Turkish Cartoonist Bahadir Baruter Says Recent EU Incident Complicates His Situation
Skype photograph by Drew Rougier-Chapman
On December 2, 2011, CRNI Director Robert "Bro" Russell had a Skype exchange with Turkish cartoonist Bahadir Baruter. Bahadir faces up to one year in prison for drawing a cartoon that appeared in the Turkish humor magazine Penguen. The cartoon depicts a man praying in a mosque. Hidden in the background of the cartoon on a wall is a scribble that says, "There is no Allah" and "Religion is a lie." Bahadir, who has been charged with "insulting the religious values adopted by a part of the population," had his first court hearing on this charge on September 28, 2011. His trial is scheduled for March 29, 2012. This is one of only a few interviews Bahadir has given since being charged. He does though plan to speak with a number of international media outlets and human rights organizations, including CRNI, in the weeks leading up to his trial date. To read our first news alert about this incident, click on Turkish Cartoonist Bahadir Baruter Charged With Insulting Religious Values.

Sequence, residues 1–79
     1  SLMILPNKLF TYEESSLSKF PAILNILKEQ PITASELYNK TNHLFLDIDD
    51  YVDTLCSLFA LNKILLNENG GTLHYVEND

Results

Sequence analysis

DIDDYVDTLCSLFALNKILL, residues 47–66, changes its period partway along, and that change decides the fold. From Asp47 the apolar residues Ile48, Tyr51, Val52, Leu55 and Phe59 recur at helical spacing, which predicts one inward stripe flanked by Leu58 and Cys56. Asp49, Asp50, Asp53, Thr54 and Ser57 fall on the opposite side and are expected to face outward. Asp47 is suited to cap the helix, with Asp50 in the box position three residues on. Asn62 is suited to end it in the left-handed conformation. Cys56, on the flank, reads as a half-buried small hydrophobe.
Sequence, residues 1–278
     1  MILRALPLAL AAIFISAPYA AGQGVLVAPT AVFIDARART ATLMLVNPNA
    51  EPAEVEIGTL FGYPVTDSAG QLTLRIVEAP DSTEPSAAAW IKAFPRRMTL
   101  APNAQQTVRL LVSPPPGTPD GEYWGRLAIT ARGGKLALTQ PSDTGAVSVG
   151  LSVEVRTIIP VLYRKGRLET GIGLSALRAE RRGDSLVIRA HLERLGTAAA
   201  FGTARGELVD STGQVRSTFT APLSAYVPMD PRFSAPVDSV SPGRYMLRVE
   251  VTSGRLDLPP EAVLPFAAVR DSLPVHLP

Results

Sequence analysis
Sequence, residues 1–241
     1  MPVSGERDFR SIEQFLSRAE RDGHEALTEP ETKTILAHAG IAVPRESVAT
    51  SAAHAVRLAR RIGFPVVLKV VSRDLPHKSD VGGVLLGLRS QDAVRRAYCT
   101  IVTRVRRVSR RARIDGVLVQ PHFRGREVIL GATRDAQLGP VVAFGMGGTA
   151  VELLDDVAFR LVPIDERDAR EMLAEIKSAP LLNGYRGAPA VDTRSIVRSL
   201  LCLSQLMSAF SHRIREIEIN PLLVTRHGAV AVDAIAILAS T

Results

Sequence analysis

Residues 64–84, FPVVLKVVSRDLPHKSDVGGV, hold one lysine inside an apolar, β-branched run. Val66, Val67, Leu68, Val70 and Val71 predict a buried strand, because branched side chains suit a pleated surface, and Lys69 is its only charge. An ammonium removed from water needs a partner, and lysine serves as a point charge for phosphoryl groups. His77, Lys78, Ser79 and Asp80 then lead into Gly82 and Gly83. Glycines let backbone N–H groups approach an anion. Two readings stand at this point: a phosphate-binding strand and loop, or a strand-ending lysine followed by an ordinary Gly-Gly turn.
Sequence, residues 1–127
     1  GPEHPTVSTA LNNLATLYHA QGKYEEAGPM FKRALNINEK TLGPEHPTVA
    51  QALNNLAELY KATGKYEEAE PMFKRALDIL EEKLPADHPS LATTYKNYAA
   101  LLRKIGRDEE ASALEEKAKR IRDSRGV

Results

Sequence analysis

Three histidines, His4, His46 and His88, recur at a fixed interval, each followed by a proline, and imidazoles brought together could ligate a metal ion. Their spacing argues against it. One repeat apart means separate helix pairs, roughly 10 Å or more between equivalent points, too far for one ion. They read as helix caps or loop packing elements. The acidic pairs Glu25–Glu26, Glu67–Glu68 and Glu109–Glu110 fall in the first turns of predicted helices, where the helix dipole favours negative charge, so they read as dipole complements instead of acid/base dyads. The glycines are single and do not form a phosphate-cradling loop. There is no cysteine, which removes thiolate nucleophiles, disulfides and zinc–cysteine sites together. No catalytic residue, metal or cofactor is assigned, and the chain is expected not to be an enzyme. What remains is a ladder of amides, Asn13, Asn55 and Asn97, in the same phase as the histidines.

During Bahadir's discussion with Bro, Bahadir pointed out that his situation has recently become more complicated. Earlier in the week there had been a verbal exchange between Barry Madlener, the Dutch delegate to the European Union (EU), and State Minister Egemen Bağış, the Turkish delegate. During an EU membership meeting, Madlener expressed the opinion that Turkey did not belong in the European Union because, according to him, it has a backward Islamic ideology. He went on to say that Islam and freedom cannot coexist. To make his point, Madlener presented a framed copy of Bahadir's cartoon to the Turkish Minister. As Minister Bağış refused the cartoon, Madlener remarked that even cartoonists in Turkey are arrested. The remark possibly refers to a recent report by a Turkish human rights organization that there are currently more than 60 journalists in jail in Turkey. To read more about the testy exchange, click on Minister goes ballastic against far-right MEP in caricature row. The article appears in the Turkish English-language magazine Today's Zaman.
The incident was picked up in both the Turkish and the European press. The charge against Bahadir has become a focus point in the tensions between Turkey's delegates and those EU delegates opposing Turkey's admission to the EU. Many people in Turkey feel the incident reflects an anti-Islamic and anti-Turkish sentiment of many in the EU.
While the incident may complicate Bahadir's trial, the CRNI staff is hopeful that Turkey's interest in becoming an EU member will outweigh the anger and resentment engendered by Delegate Madlener's actions.